Rebuilt Racing wins Argentine league

In Diego Milito's first season back in Argentina the former Inter Milan star led Racing to the title. Gabriel Rossi/Getty Images

BUENOS AIRES -- There was suffering, it's true. Because the 1-0 score against a tepid Godoy Cruz squad didn't look like a sure result once River Plate, in second place two points behind Racing at the start of Sunday and playing at the same time, took the lead against Quilmes.

But the anxiety didn't last long. Racing was immediately able to celebrate their long-sought title after a 13-year dry spell.

The final outcome of the match (an almost permanently subdued opponent) and the league (Diego Cocca's squad marched slow and steady, making a final sprint of six consecutive victories, allowing zero goals) were rather predictable.

It is something odd in the history of a club that, in recent decades, has accustomed us to club and match disasters. It's not that Racing has transformed its genetic instability, but this time it emerged from the standard crisis with greater maturity, without completely throwing in the towel, and with belief in the future.

Because, although everything is roses now, just one year ago (end of September 2013), Racing, just to change things up, was mired in a crisis that shook the entire club. Club president Gastón Cogorno and vice president Rodolfo Molina resigned, and Víctor Blanco, a mild-mannered businessman who was the second vice president, had to take charge in a pinch (not very convincingly). Meanwhile, the team was in last place.

On this occasion, disaster kept its distance. Instead, oddly, the battered club slowly rebuilt itself and grew a thicker skin. Halfway through this year, a new, hopeful era began with the arrival of Cocca, a complete overhaul of the squad and the return of idol Diego Milito.

But Racing got caught in its own trap. After being knocked out of the Copa Argentina, the team's fragile morale showed itself once more.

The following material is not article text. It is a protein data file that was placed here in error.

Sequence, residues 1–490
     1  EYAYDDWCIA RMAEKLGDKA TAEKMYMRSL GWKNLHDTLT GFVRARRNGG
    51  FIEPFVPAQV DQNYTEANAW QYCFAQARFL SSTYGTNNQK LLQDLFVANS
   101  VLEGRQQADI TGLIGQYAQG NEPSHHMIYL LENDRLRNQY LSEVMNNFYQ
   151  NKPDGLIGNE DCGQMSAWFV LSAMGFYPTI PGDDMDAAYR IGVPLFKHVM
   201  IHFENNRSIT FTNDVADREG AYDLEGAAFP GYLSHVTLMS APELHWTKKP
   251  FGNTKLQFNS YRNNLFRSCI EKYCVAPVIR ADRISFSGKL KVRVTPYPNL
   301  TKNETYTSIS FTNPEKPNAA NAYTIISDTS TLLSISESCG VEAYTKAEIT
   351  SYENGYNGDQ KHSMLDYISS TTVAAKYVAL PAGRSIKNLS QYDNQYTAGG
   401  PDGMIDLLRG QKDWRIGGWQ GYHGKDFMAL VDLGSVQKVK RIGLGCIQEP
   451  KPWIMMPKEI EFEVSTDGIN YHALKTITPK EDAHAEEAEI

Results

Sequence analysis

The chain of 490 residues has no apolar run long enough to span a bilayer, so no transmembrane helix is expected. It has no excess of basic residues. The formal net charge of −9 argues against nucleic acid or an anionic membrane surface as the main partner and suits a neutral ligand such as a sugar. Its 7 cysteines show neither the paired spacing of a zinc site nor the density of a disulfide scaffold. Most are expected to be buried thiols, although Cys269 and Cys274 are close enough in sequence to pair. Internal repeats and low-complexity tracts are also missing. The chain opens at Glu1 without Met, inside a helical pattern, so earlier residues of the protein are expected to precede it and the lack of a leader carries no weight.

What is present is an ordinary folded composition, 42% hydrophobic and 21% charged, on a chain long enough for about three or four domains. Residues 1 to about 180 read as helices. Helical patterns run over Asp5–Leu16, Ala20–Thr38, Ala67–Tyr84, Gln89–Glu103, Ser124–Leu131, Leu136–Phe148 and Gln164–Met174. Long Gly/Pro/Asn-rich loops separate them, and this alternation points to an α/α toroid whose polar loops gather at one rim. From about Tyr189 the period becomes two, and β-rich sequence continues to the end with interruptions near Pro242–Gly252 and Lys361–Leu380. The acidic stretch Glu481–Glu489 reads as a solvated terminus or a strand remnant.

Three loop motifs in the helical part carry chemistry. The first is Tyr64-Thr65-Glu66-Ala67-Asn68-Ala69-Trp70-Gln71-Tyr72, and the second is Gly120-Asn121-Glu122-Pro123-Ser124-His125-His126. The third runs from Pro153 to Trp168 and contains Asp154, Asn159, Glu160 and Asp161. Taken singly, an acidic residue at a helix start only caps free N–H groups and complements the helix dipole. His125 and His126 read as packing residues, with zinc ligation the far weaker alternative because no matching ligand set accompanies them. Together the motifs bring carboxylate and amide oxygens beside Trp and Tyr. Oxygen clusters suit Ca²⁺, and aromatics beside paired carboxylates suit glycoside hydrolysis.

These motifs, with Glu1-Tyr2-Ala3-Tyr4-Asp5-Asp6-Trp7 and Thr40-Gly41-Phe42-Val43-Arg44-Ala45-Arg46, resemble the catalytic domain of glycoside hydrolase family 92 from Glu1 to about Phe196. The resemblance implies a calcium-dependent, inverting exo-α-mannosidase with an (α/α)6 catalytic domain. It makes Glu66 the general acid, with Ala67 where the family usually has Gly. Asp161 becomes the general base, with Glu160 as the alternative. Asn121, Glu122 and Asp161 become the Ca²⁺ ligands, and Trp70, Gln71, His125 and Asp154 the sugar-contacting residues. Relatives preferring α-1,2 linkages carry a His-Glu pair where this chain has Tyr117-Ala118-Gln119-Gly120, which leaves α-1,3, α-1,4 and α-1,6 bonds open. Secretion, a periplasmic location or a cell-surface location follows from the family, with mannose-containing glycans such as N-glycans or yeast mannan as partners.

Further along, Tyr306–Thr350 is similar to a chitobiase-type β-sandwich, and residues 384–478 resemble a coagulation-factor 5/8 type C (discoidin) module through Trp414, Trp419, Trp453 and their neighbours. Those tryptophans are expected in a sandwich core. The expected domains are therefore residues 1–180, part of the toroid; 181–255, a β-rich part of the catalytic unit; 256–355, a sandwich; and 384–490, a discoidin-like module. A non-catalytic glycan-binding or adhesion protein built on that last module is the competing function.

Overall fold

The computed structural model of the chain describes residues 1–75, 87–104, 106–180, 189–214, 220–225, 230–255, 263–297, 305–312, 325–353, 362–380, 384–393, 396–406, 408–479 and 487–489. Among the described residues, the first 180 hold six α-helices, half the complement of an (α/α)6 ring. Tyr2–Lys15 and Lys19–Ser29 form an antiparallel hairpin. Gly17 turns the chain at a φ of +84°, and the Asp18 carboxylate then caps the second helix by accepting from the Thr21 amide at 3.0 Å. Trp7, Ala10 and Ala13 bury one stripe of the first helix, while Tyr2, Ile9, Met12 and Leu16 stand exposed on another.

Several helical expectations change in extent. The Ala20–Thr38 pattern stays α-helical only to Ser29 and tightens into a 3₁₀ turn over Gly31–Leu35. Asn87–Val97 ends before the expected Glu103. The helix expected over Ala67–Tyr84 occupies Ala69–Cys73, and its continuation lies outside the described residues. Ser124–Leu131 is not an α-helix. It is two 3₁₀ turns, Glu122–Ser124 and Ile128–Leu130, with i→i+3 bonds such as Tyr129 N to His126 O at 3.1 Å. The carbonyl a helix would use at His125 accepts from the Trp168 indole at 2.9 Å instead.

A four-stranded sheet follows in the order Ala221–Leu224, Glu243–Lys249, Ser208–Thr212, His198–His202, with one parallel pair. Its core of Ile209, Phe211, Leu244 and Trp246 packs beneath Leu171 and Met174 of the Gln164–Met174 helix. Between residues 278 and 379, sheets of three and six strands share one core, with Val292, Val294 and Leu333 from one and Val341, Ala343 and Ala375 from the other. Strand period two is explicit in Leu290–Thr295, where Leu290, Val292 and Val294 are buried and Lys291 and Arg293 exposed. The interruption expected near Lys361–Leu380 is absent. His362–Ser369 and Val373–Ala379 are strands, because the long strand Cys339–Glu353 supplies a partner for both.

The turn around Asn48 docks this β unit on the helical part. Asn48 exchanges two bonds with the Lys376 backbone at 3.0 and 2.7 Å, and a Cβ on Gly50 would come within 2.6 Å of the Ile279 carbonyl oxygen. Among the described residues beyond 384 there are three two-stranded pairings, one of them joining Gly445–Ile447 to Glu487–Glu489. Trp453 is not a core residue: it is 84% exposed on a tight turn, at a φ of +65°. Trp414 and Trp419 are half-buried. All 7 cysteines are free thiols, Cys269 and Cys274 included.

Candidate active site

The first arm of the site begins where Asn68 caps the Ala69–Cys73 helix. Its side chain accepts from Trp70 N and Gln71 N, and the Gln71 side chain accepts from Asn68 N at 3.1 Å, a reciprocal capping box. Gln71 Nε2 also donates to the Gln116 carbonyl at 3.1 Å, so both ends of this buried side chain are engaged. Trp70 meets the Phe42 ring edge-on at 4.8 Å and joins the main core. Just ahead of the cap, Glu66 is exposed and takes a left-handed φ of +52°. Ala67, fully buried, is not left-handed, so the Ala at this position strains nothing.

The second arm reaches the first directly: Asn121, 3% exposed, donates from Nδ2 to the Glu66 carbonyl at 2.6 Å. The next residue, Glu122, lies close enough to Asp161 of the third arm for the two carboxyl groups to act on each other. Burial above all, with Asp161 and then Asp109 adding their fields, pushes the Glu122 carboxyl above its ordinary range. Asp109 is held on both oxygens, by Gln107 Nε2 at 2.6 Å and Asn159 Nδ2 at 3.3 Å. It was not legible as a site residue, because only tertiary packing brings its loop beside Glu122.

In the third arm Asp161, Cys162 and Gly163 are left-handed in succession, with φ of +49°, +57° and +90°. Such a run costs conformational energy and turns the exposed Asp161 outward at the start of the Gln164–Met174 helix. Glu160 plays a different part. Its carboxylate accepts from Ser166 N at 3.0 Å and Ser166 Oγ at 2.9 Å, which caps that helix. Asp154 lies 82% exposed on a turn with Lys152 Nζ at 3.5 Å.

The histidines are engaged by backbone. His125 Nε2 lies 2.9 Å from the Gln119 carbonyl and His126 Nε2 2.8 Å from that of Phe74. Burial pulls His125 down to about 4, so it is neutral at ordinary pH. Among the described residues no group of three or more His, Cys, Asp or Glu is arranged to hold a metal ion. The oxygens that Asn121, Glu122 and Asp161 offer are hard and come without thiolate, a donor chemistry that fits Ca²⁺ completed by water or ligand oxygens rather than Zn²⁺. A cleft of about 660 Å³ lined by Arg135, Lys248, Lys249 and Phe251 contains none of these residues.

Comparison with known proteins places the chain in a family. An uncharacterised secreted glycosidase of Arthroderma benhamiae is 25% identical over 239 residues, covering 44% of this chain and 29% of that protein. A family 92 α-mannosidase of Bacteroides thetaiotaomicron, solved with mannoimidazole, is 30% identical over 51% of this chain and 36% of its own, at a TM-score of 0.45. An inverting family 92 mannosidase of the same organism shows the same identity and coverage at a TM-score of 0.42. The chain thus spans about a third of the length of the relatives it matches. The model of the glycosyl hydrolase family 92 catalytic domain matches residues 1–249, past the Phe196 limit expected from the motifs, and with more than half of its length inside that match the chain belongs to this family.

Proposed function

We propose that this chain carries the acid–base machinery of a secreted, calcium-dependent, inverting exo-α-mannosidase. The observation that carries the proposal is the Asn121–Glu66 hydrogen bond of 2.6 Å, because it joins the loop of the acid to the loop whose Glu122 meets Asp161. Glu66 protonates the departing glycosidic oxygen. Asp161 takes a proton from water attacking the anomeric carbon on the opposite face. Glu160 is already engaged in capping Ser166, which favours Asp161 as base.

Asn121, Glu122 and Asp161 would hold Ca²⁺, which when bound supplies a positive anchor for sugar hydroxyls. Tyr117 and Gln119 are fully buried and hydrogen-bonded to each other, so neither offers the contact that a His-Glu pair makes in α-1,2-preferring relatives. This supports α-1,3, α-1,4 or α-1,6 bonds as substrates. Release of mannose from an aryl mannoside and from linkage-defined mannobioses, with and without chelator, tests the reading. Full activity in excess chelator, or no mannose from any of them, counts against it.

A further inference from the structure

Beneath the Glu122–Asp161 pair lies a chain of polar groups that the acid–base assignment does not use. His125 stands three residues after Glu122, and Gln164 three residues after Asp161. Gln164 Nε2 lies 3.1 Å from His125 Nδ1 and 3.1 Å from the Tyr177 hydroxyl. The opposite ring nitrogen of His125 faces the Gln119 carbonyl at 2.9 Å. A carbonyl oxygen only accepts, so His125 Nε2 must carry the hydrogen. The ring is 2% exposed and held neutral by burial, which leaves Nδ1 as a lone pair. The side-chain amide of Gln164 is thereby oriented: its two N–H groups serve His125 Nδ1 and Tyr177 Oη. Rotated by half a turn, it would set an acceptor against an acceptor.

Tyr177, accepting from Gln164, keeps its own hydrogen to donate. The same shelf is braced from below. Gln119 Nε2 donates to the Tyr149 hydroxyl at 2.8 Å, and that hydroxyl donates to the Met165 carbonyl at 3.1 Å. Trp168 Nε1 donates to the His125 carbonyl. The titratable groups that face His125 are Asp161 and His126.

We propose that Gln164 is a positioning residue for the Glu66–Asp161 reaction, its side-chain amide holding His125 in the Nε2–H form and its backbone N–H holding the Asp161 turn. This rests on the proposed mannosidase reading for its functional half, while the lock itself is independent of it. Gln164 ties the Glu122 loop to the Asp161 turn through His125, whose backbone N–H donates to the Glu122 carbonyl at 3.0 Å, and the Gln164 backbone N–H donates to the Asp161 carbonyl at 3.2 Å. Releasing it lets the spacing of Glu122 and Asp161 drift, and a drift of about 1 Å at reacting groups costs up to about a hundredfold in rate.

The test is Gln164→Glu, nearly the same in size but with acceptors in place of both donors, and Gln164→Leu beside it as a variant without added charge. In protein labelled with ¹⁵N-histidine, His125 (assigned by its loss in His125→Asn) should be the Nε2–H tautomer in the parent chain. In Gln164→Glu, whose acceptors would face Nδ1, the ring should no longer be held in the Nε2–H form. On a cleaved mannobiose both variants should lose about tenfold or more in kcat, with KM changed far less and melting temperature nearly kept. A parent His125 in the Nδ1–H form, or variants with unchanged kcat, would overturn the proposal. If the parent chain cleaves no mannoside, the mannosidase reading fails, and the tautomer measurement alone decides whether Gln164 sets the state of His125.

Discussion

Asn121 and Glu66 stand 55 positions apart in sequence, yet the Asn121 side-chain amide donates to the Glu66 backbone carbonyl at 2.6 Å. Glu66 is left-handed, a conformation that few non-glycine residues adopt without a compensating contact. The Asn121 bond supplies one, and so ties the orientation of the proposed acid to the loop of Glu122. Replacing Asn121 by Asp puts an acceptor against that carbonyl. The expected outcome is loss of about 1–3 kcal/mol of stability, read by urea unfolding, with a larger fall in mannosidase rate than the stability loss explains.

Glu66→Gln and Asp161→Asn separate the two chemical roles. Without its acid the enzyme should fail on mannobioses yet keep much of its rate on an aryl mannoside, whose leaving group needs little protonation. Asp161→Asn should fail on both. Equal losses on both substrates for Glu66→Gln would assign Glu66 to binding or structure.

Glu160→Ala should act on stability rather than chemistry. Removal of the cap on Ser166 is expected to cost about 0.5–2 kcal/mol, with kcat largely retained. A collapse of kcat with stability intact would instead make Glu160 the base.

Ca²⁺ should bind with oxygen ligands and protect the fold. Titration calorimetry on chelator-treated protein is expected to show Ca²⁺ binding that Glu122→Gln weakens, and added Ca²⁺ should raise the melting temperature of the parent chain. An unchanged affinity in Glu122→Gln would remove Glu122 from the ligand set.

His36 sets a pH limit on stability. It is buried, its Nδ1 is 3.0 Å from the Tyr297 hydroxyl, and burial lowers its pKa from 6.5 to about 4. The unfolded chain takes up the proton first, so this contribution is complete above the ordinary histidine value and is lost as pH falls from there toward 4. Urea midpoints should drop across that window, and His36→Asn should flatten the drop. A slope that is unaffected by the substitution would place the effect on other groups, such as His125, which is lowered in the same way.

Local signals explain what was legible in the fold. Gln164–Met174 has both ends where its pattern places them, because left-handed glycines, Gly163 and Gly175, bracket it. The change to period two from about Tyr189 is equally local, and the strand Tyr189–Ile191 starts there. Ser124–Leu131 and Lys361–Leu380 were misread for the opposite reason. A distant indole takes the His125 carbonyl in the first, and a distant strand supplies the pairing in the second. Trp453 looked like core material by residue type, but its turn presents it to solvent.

The coach was very critical with the squad (he could have easily burned some bridges), and Blanco added fuel to the fire with the remoteness afforded by his position and a surprising lack of tact: He insinuated that some players weren't giving their all.

Halfway through the season, you had a coach upset at the first misstep and a president speaking as freely as the fans in the cheap seats.

Yet there was no major damage. Abandoning tradition, Racing didn't fall off. And Cocca didn't dismantle the team either. Instead, with a few player changes and some tactical repositioning, they got back on track.

Although the squad was completely new and was expected to take some time to fully mesh, the pieces fit surprisingly fast: a rare stroke of luck in Racing history.

With the storm behind him, Cocca kept calm (even when the fans protested him holding placards), trusted his players, even the hardest nuts to crack like Gustavo Bou, and kept the team moving forward.

The team emerged from the storm standing on both feet with a confidence uncharacteristic of such a crisis. Racing had become a compact team, built around its defensive backbone (goalkeeper Sebastian Saja and the back four, where an incredible Luciano Lollo and a tireless Ezequiel Videla stood out) and a pragmatic, effective attack. Milito's vision and intelligence was a bonus that clicked at just the right time with a blooming Bou.

Patience, consistency, calm in the eye of the storm, solid play, club backing, and a cohesive squad willing to improve. And luck, of course, because without a little luck, you don't win anything. Racing looks strong, from another world. Racing are champions.